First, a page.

[00:15:12] The media of our day feed on resentment and anger and the polarization of opinions. We are losing the art of civil discourse in our society. As opposing factions draw to their corners and hurl angry slogans at one another, especially this year. Unfortunately, this same tendency affects our church culture. For example, Christian believers in America in recent weeks have unfriended each other on Facebook. Due to the rising political tension in our nation. In this current atmosphere, it is crucial for the church to recover our role as reconciler. This reconciliation, mind you, is not silly tolerance. That's not what I'm talking about. It is not unprincipled compromise. It is not grounded in slick skills or in sociology. But rather the roots of reconciliation are in our story. The short version goes like this from now on. Therefore, we regard no one from a human point of view. So if anyone is in crisis there, there is a new creation. Everything old has passed away. See, everything has become new. All this is from God who reconciled us to himself through Christ and has given you and me. The Ministry of Reconciliation. That is in Christ. God was reconciling the world to himself, not counting their trespasses against them and entrusting the message of reconciliation to us. So we are ambassadors of Christ. Be reconciled to God. Second Corinthians Chapter five verses 16 to 20. True and abiding reconciliation comes from what we believe. And who we worship. Our common identity as God's people who participate in God's new creation. So when Paul described the Corinthians as ambassadors of reconciliation, he was referring not to an argument of the gospel, not as a supplement to the gospel, but he was referring to the essence of the gospel that redemption includes a return to the mandate that God gave at the very beginning, a right relationship with God and with each other.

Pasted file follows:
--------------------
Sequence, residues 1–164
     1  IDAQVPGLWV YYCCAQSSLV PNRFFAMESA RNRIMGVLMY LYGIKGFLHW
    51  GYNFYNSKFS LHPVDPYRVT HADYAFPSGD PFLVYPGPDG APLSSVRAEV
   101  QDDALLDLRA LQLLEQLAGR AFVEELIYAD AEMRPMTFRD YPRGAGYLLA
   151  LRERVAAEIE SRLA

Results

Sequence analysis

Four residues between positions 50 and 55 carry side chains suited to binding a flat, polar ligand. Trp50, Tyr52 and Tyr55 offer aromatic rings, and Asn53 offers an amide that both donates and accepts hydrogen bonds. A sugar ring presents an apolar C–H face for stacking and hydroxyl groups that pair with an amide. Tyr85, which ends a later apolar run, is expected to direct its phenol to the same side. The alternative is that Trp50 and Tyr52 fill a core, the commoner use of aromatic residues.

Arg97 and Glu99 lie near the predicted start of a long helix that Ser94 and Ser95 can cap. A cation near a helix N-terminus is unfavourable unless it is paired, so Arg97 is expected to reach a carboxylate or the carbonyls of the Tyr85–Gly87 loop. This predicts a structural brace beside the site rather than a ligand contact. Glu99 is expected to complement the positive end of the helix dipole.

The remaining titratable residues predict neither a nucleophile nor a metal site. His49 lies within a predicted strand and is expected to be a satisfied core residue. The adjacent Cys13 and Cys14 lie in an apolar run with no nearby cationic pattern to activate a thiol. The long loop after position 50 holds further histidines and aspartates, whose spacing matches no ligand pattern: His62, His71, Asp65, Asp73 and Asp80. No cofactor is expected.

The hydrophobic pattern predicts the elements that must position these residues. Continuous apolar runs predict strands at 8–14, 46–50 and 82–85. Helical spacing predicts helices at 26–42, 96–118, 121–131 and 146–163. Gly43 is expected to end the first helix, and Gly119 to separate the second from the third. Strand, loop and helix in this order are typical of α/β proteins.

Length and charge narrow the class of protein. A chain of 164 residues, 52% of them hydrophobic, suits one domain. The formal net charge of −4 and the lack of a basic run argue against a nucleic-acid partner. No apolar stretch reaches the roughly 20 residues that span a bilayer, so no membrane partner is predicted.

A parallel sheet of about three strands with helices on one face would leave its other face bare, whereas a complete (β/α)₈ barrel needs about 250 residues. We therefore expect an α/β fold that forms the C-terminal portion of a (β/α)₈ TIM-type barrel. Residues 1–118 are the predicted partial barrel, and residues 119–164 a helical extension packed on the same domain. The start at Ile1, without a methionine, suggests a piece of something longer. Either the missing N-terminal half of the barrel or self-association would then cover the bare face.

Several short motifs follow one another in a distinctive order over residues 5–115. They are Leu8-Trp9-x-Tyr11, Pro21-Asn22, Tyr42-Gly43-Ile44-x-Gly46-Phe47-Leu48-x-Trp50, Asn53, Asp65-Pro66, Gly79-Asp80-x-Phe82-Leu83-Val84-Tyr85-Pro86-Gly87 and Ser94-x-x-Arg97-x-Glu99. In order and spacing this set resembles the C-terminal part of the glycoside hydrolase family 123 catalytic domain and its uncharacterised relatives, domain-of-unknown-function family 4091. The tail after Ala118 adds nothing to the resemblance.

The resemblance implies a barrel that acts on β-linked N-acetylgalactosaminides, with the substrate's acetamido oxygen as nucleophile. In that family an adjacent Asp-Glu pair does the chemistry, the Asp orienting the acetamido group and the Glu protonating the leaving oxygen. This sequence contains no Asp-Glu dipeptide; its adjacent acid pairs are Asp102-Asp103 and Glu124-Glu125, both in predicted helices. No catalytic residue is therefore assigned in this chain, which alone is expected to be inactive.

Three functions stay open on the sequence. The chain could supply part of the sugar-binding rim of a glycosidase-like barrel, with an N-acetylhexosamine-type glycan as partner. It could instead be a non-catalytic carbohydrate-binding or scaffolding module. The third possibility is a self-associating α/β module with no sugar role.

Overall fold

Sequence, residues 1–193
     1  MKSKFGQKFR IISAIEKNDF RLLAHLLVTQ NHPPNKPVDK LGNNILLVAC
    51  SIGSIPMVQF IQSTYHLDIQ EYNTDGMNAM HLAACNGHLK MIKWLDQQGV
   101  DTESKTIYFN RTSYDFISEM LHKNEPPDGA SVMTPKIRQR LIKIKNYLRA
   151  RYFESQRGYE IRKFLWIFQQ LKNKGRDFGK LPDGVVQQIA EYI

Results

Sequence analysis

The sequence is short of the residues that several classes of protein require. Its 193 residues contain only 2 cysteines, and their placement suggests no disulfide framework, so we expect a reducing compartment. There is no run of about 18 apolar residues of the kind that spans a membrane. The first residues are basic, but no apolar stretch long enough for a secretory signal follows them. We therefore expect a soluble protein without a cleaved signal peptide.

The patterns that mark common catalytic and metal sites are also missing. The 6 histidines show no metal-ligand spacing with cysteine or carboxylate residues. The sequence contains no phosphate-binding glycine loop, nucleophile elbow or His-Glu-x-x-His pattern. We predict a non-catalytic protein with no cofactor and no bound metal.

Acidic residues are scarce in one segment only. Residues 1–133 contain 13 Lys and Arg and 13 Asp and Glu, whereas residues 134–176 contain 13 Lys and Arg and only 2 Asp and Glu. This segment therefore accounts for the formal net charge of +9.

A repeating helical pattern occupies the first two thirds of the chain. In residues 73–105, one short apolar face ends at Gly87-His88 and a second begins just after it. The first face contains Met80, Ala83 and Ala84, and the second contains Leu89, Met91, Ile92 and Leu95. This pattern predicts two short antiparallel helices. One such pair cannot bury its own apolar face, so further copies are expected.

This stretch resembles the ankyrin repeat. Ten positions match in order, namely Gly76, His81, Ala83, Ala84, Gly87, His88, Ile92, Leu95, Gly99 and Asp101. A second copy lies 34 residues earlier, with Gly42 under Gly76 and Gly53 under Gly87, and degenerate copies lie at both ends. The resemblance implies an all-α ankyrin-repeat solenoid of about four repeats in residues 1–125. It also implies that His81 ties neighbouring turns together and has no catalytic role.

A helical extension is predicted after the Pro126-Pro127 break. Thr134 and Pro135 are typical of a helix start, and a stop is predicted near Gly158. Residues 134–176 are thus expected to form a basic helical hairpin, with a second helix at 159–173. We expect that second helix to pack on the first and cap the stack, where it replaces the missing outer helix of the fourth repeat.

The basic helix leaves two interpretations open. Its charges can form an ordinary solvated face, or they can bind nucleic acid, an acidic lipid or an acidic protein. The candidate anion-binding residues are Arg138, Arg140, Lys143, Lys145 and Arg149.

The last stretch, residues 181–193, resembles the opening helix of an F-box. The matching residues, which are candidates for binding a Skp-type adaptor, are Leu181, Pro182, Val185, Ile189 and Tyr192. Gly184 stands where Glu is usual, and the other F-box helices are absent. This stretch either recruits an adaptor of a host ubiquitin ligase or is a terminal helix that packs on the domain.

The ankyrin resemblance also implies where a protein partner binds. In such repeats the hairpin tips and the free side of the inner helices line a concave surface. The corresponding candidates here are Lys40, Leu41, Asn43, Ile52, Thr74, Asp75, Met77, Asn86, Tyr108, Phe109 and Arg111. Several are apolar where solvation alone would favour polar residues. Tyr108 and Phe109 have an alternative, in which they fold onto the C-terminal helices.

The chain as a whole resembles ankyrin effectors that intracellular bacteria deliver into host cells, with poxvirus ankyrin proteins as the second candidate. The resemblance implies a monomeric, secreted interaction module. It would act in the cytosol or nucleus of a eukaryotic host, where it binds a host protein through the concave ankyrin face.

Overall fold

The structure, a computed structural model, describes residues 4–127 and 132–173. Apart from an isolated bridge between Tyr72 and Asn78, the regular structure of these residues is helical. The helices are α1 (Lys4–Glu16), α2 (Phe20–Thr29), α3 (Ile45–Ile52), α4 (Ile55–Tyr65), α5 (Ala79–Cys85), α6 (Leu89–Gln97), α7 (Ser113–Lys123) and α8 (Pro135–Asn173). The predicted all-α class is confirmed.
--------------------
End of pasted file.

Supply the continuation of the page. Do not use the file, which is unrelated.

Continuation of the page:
[00:17:48] This view of the gospel reframes our role as followers of Christ. And so I have belabored this point in the beginning because it's so critical to catch because otherwise. Reconciliation is nice, but this is the core of our identity and our belonging to Jesus is we're not just simply getting people into heaven and pursuing personal holiness, but our calling is for the redemption of conscience, for the redemption of family, for the redemption of marriage, for help, for work, the redemption of leisure, of imagination, of ecology, of fashion, of worship, of language, of relationships. For God has created all of it. And He desires that all creation, again, more fully reflect who he is. And the practical implications of this are absolutely astounding. It implies that sexuality should not be avoided by Christians, but sanctified. Emotions should not be repressed, but purified. Politics should not be declared off limits, but reformed. Peacemaking cannot be forfeited only to those in power. But redeemed by Christ reconciling agents. We can see the negative impact and negative implications of living and proclaiming merely the gospel of sin management in Chinese problem in Indonesia. We follow that the Australian dilemma with Aborigines in their country, hostility toward Gypsies in Serbia. The race problems that plague the church in America, which will touch on toward the end of this course. The church has got a problem. And the most powerful solution to our problem. Is the gospel. Jesus shed his blood to bring peace. And you and I are his appointed agents. A reconciliation.